Why Kamala Harris’ visit shows Tarrant County is key in 2020 presidential race

When the Democratic presidential primary rolls around in 2020, there’s one place many people will be watching: This large urban county in North Texas that has long been considered a Republican stronghold.

“We think Tarrant County is key to winning in 2020,” said Deborah Peoples, who heads the Democratic Party in Tarrant County.

Peoples was encouraged by last year’s election, when Democrat Beto O’Rourke came close to edging out Republican U.S. Sen. Ted Cruz — and did beat the incumbent in Tarrant County.

“Tarrant County is the last large urban county that was reliably Republican,” she said. “In 2018, we smashed that myth by delivering it for Rep. O’Rourke. We know there are a lot of Democrats who bought into that theory that we were red. ... We are working every day to reach out to the Democrats who didn’t vote for that reason.

“We believe we will be able to deliver great results in Tarrant County.”

So Peoples is inviting all Democrats who are running for president to come to Tarrant County and talk to supporters.

The first to accept: Kamala Harris, a California senator, who showed up Friday night at the Embassy Suites by Hilton in Grapevine.

“Thank you Tarrant County Democrats, for everything you do every day,” Harris told a crowd of more than 400. “There’s a lot to do and we will get it done.”

She drew cheers and a standing ovation when she said how she plans on beating Republican President Donald Trump in 2020. “I do know how to prosecute the case against Donald Trump,” she said.

Political observers note that Harris may be the first — but likely not the last — 2020 presidential candidate to head to Tarrant County.

“Tarrant County is in play,” said Jim Riddlesperger, a political science professor at TCU. “I think both parties know that.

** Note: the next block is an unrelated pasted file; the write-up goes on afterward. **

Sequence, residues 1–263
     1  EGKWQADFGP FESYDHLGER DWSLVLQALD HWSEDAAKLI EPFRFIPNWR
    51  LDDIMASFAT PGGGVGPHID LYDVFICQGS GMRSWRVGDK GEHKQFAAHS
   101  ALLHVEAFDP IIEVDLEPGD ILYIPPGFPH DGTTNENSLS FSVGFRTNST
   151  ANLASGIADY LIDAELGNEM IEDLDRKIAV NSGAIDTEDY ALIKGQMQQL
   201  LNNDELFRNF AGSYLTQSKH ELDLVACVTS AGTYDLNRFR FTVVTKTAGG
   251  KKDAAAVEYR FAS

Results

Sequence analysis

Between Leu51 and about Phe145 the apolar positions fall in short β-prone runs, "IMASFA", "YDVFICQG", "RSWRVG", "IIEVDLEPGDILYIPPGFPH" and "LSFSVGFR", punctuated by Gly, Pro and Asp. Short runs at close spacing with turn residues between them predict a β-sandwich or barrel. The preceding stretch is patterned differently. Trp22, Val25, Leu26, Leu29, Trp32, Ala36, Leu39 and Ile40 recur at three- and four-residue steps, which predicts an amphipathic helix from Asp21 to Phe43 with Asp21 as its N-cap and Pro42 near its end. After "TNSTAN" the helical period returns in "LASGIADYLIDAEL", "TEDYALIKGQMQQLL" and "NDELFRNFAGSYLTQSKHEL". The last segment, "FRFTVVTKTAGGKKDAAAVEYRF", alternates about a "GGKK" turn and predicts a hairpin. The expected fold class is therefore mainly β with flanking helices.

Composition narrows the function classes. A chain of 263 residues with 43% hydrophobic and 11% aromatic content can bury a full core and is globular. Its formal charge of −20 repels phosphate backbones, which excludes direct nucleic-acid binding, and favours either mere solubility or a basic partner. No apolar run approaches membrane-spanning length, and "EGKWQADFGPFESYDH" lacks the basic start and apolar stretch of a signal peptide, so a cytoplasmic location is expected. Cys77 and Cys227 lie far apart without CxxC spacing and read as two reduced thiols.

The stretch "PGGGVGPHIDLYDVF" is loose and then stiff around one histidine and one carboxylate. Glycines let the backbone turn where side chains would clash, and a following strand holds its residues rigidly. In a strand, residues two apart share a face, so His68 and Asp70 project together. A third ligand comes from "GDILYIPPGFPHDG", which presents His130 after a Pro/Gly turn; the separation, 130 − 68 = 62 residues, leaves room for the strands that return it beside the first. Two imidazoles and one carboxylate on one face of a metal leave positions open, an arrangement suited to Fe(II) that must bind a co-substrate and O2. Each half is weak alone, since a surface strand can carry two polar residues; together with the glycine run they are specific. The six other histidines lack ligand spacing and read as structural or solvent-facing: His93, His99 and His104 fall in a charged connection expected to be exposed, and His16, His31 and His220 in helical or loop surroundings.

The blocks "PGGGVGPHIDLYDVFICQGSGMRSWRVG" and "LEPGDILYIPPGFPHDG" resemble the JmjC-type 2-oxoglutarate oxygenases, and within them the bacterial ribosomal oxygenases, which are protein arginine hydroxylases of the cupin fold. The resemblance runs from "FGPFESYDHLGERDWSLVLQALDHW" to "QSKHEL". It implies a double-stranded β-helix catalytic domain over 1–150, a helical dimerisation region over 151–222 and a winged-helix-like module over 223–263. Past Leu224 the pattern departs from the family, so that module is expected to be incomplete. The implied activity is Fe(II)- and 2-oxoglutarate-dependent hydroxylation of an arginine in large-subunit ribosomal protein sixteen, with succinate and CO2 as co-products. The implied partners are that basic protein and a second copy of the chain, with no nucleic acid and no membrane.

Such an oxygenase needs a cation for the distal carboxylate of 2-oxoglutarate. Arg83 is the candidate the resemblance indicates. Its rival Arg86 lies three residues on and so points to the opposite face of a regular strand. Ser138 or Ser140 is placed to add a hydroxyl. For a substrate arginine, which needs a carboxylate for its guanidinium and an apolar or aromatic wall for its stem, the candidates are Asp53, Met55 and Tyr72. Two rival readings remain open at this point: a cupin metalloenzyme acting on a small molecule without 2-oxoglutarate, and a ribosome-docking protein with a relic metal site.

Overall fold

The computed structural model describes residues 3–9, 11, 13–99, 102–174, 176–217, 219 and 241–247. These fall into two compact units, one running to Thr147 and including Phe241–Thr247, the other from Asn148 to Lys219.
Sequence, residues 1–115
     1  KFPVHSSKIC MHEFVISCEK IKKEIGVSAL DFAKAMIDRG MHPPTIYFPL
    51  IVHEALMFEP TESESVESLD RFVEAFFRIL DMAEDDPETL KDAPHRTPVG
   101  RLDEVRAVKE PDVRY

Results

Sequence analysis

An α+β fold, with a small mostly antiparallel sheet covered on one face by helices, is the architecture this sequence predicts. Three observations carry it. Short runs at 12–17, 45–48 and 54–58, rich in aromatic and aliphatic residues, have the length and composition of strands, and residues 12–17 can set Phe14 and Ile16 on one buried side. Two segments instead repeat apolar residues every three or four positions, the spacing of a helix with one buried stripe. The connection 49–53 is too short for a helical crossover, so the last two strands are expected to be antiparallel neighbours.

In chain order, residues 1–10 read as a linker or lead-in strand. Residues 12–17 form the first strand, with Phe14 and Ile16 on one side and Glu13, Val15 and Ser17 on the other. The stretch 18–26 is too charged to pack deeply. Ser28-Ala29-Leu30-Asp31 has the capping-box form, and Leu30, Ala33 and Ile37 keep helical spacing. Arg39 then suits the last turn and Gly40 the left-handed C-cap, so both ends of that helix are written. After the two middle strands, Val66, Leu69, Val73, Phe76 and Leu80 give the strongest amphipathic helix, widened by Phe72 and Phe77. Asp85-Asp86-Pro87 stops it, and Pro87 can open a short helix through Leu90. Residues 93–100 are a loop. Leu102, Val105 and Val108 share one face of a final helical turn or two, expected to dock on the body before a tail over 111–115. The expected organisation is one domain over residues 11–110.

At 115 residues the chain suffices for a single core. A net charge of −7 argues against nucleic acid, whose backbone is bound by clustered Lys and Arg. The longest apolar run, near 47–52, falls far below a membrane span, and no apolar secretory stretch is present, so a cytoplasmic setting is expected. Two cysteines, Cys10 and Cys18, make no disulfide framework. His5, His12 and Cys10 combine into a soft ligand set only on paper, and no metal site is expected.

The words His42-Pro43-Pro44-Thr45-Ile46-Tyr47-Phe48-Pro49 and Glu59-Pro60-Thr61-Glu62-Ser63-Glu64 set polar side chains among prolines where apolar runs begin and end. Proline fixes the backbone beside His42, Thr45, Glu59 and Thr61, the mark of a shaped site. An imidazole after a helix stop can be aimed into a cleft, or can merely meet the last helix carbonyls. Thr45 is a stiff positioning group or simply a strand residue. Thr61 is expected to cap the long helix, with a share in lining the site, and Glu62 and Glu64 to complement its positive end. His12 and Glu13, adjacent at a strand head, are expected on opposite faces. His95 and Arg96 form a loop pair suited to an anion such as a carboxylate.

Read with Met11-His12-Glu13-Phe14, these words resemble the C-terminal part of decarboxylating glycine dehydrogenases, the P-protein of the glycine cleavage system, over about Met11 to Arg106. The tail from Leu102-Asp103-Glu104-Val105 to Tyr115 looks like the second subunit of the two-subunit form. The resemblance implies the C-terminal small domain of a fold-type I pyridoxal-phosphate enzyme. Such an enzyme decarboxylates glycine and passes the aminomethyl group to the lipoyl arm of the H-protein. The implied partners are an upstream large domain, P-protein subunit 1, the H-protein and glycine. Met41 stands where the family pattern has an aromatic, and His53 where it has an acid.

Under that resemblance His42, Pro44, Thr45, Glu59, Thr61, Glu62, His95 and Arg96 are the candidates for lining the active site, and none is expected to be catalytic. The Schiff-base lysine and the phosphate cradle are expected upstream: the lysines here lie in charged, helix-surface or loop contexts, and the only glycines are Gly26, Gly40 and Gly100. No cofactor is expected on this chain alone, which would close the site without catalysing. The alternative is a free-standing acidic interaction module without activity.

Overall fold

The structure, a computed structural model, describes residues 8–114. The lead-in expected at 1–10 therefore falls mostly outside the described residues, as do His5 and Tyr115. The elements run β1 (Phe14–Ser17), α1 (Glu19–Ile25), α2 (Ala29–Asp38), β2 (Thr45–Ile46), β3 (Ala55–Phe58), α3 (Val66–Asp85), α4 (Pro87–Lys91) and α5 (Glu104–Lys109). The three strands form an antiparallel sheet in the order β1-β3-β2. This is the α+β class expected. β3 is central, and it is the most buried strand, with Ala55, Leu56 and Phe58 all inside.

“Given the results of the 2018 elections and the likely competition of the 2020 year, Tarrant County becomes a significant battleground, both in Texas and as a testing ground for national campaigns.”

Maybe so, but Republicans say they aren’t planning on giving up any ground.

“The 2018 election was a surprise, closer than we thought it was going to be,” said Darl Easton, who heads the Tarrant County Republican Party. “But we are going to be working hard to reverse that trend.”

And if President Trump campaigns in Texas — or if he draws a GOP challenger who campaigns here — then Easton hopes they will come to Tarrant County as well.

At least two other Texans have thrown their hats into the presidential race as well: Democrats O’Rourke and Julian Castro.

Kamala Harris

The Dunbar High School Marching Band performed and local leaders ranging from state Rep. Ramon Romero, D-Fort Worth, to Tarrant County Commissioner Roy Charles Brooks addressed the crowd.

Then Harris took the stage and was greeted with a standing ovation.

She first said she wanted to address Friday’s big news — the fact that Special Counsel Robert Mueller had finally presented his report about possible Russian interference in the 2016 election to the Justice Department.